A Site Collection scoped Feature is one that can be activated at the site collection level and contains items that apply to the site collection as a whole (for example, content types that are shared across the site collection), as well as items that can be activated per site (for example, list instances, etc). Site Collection scoped features can be activated by:

Run the following STSADM command:

Web Application scoped Feature (Scope=”WebApplication”):

A Web Application scoped Feature is one that can be activated at the web application level and contains items like administrative web application links, delegate control registrations, feature/site template association, document form registrations, etc. A farm Feature can contain, for example, links to /_layouts pages and files, /_admin pages, and other elements. Web Applicationscoped features can be activated by using:

Run the following STSADM command:

Farm scoped Feature (Scope=”Farm”):

A Farm scoped Feature can be activated at the server farm level. A farm Feature contains a number of elements that are critical for implementing applications and logic anywhere within a deployment. A farm Feature can contain, for example, links to /_layouts pages and files, /_admin pages, and other elements. Farm scoped features can be activated by using:

Run the following STSADM command:

SharePoint Solutions

SharePoint solutions are either deployed globally or targeted to a particular web application. The decision of which is made automatically by the SharePoint Solution framework depending on the contents of the solution manifest. Exception to this rule are Sandbox solutions which are managed on the site collection level.

Globally Deployed Solutions

When a solution is deployed globally, the assembly DLL file will go and sit under windows\assembly folder. All SharePoint application pools, including Central Administration’s, are recycled automatically. This can be good and bad. This is good because any GAC installed DLL that has been upgraded needs to be reloaded. This can be bad though with regards to the availability of your entire SharePoint Farm.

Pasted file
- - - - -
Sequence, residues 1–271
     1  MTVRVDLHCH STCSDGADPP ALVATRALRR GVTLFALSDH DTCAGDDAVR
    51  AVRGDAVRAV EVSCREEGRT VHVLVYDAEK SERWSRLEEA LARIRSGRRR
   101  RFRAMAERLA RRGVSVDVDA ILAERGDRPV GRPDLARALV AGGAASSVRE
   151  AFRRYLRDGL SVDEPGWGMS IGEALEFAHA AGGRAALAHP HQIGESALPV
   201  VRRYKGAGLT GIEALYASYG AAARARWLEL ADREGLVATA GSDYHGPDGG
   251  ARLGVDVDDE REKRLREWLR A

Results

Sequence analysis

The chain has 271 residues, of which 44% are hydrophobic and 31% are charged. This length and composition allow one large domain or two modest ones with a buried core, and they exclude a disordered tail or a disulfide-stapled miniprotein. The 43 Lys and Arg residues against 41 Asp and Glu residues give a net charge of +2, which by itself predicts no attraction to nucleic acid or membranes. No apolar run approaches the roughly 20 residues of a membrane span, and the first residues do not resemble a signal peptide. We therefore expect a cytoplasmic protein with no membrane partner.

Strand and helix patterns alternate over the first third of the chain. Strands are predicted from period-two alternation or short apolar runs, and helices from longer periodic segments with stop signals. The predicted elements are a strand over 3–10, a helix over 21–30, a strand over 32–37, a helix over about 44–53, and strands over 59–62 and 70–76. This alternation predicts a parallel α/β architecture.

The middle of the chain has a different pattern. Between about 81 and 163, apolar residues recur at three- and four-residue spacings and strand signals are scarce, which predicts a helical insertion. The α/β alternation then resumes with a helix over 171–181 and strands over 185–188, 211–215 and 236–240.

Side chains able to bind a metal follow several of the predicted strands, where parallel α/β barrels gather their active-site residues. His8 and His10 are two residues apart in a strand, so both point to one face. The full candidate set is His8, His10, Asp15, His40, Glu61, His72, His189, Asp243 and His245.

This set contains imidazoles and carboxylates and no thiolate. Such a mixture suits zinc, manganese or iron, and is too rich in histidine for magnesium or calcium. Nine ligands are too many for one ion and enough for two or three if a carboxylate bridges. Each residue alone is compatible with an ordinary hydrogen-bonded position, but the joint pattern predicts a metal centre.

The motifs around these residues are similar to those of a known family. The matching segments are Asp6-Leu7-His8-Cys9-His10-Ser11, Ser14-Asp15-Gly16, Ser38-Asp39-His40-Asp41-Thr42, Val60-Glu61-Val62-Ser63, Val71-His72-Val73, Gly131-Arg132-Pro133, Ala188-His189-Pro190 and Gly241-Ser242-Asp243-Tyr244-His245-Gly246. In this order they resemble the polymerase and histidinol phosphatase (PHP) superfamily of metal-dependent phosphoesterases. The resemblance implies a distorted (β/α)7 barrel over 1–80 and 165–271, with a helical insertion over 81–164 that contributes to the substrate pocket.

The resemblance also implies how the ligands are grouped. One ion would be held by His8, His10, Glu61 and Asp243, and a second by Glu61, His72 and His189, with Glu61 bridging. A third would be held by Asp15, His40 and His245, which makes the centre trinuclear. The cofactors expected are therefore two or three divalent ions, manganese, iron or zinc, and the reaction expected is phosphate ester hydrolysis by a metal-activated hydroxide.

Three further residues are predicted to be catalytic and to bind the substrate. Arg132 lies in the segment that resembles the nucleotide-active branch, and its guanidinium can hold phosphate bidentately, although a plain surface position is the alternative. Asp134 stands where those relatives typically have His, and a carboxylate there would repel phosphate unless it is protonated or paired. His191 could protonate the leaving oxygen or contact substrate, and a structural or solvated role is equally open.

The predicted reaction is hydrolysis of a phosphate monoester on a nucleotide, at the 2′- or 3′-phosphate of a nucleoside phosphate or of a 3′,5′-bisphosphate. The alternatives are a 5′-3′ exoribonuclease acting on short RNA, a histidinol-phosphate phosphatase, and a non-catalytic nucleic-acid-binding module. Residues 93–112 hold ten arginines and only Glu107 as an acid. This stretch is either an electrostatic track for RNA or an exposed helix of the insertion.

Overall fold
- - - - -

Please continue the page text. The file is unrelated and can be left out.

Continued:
Web Application Targeted Solutions

When a web application targeted solution is deployed or retracted, the assembly DLL file will go and sit under the inetpub\websitename\bin folder. Only the application pools of the targeted web applications are recycled. When deploying and retracting a web application targeted solution, deploy or retract it only to those web applications that will use it … thus preventing unnecessary recycling of application pools.

Sandbox Solutions

Sandbox solutions are deployed to the site collection. This new mechanism has been introduced in SharePoint 2010 to provided more isolation between deployed components. Sandbox Solutions deployment does not require application pool recycle and does not allow deploying DLLs into the GAC, as everything is stored in content database where site collection resides. These solution also provide much more restrictive execution model and limited access to SharePoint API.

PowerShell Code to deploy solutions (WSP)

PowerShell to deploy the WSP to the GAC on server and deploy to all URLS

PowerShell to deploy the WSP to the GAC on server and deploy only to 1 specific web application (not in bin folder)

PowerShell to deploy to specific webapplication at bin folder on server

PowerShell to deploy to all the webapplication at their bin folders on server